Protecting workers from dishonest construction contractors while not worsening California’s housing crisis are not mutually exclusive goals. Unfortunately, Assemblyman Tony Thurmond and the sponsors of AB 1701 would have you incorrectly believe they are.

As written, AB 1701 makes innocent contractors liable for dishonest sub-contractors actions for which they have no oversight or control.   If a sub-contractor stiffs its workers, this bill would require homebuilders to pay twice for labor. Meanwhile, the bill does nothing to punish or hold the bad actor accountable for failing to pay their employees. Despite numerous requests to negotiate reasonable amendments, the sponsors and author refused to consider alternatives.

Instead the union sponsors claim builders are indifferent to workers being paid. This is simply false.

Our industry agrees that workers should be paid for the work they perform. We have tried to work with the sponsors and Assemblyman Thurmond to ensure a measure that protects workers, while not wreaking havoc on innocent companies and making California’s housing crisis even worse through increased costs. Make no mistake, AB 1701 – even with the amendments we had requested– will increase housing costs.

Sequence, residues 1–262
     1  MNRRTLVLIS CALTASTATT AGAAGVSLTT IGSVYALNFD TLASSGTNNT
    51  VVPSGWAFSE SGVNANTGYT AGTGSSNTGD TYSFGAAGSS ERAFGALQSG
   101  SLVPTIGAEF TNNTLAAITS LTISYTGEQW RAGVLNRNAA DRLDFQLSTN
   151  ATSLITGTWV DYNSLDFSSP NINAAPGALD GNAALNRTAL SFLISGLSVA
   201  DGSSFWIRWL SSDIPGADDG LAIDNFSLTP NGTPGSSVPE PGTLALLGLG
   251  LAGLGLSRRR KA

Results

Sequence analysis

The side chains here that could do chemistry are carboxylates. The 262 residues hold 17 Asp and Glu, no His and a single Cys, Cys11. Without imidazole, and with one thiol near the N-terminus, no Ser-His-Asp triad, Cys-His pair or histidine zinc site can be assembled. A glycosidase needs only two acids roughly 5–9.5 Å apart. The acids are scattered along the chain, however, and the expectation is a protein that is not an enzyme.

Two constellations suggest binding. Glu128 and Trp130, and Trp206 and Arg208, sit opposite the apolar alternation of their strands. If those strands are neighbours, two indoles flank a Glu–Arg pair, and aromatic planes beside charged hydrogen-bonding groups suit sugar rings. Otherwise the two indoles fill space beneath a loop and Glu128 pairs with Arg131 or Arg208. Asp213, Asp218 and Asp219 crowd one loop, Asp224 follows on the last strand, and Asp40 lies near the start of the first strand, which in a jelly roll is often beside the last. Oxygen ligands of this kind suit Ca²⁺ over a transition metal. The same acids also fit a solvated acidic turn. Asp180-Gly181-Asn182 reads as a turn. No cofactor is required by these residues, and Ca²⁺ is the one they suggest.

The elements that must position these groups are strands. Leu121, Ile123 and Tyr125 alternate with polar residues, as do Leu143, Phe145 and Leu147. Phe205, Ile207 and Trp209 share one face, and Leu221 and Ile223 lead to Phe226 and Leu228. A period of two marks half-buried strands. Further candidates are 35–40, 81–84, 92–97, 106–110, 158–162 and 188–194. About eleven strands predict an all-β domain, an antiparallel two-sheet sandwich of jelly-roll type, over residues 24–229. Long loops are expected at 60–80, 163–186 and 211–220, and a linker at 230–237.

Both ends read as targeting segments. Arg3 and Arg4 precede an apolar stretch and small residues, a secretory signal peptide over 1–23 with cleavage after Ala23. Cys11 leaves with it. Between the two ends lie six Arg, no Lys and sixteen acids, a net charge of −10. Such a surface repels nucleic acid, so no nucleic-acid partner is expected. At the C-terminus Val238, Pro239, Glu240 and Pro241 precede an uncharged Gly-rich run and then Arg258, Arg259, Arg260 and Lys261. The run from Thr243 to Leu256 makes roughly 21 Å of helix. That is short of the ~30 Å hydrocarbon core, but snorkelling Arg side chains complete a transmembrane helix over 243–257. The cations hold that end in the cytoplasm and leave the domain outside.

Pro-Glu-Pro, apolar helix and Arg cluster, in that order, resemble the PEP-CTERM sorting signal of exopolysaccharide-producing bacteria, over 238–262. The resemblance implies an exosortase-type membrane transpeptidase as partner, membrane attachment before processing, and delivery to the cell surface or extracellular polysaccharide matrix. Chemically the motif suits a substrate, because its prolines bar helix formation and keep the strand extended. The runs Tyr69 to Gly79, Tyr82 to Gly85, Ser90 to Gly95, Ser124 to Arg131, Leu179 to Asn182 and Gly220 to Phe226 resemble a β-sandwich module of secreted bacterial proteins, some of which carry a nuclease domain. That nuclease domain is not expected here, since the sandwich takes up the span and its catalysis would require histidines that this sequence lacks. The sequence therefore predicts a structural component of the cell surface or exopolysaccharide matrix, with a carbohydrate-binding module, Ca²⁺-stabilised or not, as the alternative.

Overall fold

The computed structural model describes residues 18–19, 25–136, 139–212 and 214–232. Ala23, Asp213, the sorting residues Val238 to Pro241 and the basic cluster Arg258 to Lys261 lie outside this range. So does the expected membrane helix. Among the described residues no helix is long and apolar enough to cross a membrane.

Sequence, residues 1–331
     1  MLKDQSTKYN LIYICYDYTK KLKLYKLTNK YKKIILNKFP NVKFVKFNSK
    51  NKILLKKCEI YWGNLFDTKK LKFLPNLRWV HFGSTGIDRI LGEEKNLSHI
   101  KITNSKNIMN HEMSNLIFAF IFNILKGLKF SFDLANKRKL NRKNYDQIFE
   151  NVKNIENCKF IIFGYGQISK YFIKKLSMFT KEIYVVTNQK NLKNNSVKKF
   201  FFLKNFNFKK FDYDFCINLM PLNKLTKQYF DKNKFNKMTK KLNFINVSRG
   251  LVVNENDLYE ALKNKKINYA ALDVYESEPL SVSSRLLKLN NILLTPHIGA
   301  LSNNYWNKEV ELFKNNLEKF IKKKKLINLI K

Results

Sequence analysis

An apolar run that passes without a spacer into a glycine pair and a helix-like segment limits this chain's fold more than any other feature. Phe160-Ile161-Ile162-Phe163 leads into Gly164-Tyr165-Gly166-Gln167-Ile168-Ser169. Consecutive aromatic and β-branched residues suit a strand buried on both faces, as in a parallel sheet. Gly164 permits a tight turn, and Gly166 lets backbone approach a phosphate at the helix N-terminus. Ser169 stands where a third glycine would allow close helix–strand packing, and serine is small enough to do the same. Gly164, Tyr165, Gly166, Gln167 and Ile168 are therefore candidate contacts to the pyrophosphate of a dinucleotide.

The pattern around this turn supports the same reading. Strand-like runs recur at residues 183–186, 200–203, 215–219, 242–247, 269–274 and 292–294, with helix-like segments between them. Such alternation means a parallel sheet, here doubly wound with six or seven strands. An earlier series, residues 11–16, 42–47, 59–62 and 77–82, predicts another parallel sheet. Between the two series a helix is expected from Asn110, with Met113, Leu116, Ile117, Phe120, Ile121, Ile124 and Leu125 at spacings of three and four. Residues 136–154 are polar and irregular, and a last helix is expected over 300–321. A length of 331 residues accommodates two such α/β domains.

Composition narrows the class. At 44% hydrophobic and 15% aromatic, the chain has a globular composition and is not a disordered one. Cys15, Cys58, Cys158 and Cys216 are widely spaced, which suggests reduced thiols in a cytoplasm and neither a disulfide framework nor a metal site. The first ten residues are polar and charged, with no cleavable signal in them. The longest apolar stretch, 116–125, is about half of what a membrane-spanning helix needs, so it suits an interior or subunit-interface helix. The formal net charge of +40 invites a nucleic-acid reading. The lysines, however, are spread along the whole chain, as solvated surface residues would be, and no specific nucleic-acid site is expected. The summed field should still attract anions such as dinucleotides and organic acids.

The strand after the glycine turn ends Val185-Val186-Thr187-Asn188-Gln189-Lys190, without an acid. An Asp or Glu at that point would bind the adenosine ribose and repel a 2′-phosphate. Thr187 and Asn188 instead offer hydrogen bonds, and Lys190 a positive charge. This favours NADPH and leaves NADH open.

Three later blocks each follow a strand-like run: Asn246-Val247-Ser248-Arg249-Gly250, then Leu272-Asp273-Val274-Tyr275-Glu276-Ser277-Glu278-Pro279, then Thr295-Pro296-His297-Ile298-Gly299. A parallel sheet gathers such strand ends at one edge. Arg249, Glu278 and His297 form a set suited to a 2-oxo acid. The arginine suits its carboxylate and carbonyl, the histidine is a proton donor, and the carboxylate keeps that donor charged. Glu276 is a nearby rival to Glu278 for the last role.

We had proposed three simple amendments to protect workers and housing affordability.

  1. Exhaustion of remedies: In public works, the Labor Commissioner already pursues enforcement actions after exhausting reasonable remedies against the subcontractor before going after the general contractor. The author and sponsor maintain that the commissioner will, on the natural, proceed in this manner. If that’s the truth: then why did they refuse to put it in the bill.
  2. Penalties: The sponsors have stated this bill is not intended to penalize good actors. Yet, language remains in the bill that leaves good-acting general contractors at risk to the possibility of being assessed penalties and liquidated damages for the actions of the subcontractor.
  3. Statute of Limitations: The bill allows claims to be filed possibly more than 20 years after the subcontractor has been paid and the project finished. Workers immediately know when they haven’t been paid, and it is in the best interest of the worker that immediate notice is made. Imposing a one-year deadline to file a claim would have been reasonable and acceptable.

This would have been a path forward to protect workers and protect housing affordability. And, sponsors cannot falsely claim that opponents of AB 1701 – which include affordable housing advocates, minority businesses, local elected officials and business organizations– support ripping off workers. This type of rhetoric is untrue and unhelpful to the serious debate on how to address California’s housing crisis while ensuring that workers get paid.

We strongly urge the Assembly to reject AB 1701 as written so that California does not needlessly drive up housing costs to the detriment of everyone else.